Site #1 has a very tech-savvy audience (mostly web developers themselves.

Site #2’s visitors lean towards more tech-savvy.

Site #3’s visitors lean towards less tech-savvy.

And Site #4’s visitors are unlikely to be tech-savvy.

By using sites from all ends of the spectrum, we can see if the data supports being able to forego a home link if the site’s target audience is more technologically proficient.

Separating desktop and mobile traffic

Another hypothesis I had before starting this experiment is that the introduction of mobile navigation, specifically the “hamburger menu”, could skew the results.

When a user is on a mobile device, the navigation links won’t always be visible — therefore they might be less likely to be clicked.

It might also be easier to get “lost” on a web site on mobile where you can’t see as much of the website at one time.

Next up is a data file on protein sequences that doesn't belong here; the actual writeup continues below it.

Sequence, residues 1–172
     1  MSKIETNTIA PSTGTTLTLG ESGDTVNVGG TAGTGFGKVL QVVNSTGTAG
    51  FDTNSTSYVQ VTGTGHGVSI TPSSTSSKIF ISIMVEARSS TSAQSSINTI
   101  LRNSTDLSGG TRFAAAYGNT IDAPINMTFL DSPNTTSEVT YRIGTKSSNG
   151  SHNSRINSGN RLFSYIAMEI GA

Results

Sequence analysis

To account for this variable, I’ve parsed the results into 3 different segments;

  1. All Devices
  2. Desktop Only
  3. Mobile Only

By separating this data, we can account for this variable in case it has any effect on the results.

The Results

There are a lot of different angles you can use to examine this data, but in an attempt to stay as unbiased as possible, you can see all the raw data below.

As a reminder, during Week #1 the only option to go to the Home page was to click the website’s logo. During Week #2, I introduced a “Home” link in the primary navigation, giving the user the ability to click it or the website’s logo to take them home.

All Devices – Website #1 (Highly Technical Audience)

Total ViewsClicks to HomeGo Home %Logo ClickNav Link Click
Week 1 (logo only)3573651.73%